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It would make sense for the OPEC+ coalition of oil producers to begin monitoring the group’s market share to measure how effective the OPEC+ actions are, Russian Energy Minister Alexander Novak told news agency Interfax in an interview published on Wednesday.
Asked to comment on an idea of Gazprom Neft’s chief executive Alexander Dyukov that OPEC+ should switch its gauge for effectiveness of the deal by looking into the market shares of the countries part of the coalition, Novak said:
“Generally, it will be necessary to track indicators such as inventories, supply, and demand, but then it also makes sense to switch to targeting market share which belongs to OPEC+ considering the rise in global demand.”
Oil executives in Russia, including Igor Sechin, the boss of the biggest oil producer Rosneft, have often criticized the OPEC+ pact, which began its efforts to fix the market and prop up prices in January 2017. Russian firms have argued that the OPEC+ cuts only serve to prop up U.S. shale production with higher oil prices, giving America more share on the global market at the expense of Russia and its OPEC allies in the OPEC+ deal. Many analysts saw Moscow’s refusal in early March to back a collective 1.5-million-bpd cut from all OPEC+ members as the end of the Russian patience in propping up U.S. shale.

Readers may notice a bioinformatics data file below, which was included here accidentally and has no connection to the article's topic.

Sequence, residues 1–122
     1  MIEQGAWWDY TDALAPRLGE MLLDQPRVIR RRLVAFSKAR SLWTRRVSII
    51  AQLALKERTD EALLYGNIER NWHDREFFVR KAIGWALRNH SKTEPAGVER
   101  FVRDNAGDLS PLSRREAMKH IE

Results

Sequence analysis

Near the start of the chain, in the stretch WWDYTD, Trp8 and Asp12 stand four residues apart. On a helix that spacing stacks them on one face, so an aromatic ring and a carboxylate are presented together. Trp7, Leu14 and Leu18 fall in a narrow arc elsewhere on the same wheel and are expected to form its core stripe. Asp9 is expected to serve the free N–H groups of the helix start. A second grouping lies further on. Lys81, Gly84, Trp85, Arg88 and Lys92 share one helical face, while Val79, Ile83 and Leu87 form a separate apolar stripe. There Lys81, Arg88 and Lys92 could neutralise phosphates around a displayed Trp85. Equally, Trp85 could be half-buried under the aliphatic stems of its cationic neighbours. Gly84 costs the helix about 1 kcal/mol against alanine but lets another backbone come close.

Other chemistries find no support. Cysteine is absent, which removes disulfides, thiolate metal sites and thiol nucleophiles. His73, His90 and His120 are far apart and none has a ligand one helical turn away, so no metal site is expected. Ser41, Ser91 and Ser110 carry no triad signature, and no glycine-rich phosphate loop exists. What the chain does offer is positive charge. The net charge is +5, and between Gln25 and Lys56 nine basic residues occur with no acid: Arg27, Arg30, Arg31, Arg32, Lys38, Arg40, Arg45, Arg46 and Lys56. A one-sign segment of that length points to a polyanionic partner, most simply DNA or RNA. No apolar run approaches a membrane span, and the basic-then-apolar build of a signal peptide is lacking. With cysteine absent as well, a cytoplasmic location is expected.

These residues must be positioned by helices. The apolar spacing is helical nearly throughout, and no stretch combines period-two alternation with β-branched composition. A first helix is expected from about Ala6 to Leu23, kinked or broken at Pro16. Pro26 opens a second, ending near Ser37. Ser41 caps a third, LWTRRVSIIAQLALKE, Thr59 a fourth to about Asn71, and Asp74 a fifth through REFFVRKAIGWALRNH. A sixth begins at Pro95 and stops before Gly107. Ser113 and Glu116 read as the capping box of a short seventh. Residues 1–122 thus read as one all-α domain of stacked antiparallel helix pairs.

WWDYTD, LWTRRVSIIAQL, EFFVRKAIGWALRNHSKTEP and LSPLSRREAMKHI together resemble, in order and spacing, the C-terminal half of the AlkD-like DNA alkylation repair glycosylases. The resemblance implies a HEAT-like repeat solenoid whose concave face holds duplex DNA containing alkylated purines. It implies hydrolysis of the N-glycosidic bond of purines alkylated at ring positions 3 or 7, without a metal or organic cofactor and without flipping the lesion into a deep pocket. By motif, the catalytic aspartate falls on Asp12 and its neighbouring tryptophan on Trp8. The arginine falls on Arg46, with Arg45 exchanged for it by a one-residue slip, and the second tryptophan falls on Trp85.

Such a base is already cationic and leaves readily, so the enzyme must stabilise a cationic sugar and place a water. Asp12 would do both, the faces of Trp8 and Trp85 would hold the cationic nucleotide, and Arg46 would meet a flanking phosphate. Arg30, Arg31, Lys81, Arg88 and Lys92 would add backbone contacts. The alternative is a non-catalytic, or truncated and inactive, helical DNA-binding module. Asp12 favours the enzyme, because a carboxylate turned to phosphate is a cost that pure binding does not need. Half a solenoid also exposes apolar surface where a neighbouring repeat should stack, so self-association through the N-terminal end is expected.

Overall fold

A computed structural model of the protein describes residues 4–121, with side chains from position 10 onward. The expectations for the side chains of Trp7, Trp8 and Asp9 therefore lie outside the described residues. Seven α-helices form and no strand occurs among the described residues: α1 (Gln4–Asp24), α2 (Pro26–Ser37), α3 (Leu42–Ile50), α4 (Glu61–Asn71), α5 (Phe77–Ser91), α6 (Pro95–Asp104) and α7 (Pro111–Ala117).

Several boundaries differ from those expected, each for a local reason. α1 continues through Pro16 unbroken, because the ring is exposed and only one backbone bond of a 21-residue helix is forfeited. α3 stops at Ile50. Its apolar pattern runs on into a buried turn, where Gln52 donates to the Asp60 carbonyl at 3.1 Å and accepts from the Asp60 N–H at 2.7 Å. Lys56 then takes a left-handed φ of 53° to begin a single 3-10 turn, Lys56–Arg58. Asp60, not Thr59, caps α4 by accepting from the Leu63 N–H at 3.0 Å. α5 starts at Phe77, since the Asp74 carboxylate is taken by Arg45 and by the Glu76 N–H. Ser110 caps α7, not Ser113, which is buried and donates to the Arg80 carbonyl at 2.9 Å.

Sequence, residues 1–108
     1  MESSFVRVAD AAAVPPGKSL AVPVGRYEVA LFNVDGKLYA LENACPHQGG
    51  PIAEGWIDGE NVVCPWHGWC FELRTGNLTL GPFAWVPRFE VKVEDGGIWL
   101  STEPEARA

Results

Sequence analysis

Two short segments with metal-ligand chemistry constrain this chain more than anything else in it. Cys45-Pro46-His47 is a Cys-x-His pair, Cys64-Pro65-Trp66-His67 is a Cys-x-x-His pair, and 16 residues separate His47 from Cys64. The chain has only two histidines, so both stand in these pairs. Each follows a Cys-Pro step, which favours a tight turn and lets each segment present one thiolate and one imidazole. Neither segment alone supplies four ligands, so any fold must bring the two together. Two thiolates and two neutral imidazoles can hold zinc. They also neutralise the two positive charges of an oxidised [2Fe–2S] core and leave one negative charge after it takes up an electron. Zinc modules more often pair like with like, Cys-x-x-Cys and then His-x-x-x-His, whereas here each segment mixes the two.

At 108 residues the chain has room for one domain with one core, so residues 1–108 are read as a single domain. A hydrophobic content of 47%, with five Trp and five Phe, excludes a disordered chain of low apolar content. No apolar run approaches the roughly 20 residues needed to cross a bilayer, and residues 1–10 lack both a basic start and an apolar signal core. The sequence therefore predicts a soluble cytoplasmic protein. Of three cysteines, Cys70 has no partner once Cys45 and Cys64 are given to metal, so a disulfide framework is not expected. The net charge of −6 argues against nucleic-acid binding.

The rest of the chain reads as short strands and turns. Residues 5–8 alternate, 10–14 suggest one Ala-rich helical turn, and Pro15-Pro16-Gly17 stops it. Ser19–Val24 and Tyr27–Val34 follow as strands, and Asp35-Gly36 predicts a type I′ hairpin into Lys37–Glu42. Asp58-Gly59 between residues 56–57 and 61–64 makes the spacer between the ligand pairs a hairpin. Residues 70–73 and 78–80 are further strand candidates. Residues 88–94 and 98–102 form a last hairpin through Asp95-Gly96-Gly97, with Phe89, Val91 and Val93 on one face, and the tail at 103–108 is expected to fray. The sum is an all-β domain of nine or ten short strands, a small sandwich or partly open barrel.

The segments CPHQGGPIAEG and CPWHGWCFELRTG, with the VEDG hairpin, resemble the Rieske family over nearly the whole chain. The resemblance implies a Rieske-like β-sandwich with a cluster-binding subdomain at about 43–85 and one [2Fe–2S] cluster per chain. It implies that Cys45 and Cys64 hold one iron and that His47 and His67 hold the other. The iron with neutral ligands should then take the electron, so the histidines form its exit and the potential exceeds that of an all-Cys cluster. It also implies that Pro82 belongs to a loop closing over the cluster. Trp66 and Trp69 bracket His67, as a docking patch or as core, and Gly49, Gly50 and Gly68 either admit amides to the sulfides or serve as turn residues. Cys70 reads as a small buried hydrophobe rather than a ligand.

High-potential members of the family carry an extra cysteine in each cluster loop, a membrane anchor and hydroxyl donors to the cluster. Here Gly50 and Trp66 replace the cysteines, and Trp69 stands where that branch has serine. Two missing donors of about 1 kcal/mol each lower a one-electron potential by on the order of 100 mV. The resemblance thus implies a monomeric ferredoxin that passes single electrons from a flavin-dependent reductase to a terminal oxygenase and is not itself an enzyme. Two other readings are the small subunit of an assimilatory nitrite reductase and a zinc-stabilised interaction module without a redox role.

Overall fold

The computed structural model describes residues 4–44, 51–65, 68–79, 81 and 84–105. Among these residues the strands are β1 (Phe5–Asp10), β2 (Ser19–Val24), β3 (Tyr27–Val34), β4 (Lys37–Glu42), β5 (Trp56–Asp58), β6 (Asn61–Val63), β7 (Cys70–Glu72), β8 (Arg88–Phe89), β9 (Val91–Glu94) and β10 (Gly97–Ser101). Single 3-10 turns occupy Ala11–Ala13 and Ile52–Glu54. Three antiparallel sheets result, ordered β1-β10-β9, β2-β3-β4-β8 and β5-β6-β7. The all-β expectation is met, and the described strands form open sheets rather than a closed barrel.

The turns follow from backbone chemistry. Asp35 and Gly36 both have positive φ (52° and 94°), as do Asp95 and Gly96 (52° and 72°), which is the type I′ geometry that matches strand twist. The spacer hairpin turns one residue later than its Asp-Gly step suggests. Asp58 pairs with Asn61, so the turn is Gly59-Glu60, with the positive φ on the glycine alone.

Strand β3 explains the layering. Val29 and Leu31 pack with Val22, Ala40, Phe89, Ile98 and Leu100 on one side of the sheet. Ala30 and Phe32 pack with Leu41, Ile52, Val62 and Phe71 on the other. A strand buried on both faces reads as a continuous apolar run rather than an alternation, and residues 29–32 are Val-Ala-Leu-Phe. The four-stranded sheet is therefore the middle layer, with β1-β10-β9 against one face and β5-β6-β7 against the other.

The month-long spat between Russia and OPEC’s leader and largest producer, Saudi Arabia, combined with the crashing global demand in the pandemic to force oil prices so low that not a single U.S. oil producer is comfortable with current prices. The U.S. shale patch is slashing capex and production to cope with the very low prices.
But oil prices and demand at these levels aren’t comfortable for neither Russia nor the Saudis, either. This made Russia and its now-friend-again Saudi Arabia sit down and hammer out a new OPEC+ deal to cut 9.7 million bpd production in May and June.
By Tsvetana Paraskova for Oilprice.com
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Tsvetana is a writer for Oilprice.com with over a decade of experience writing for news outlets such as iNVEZZ and SeeNews.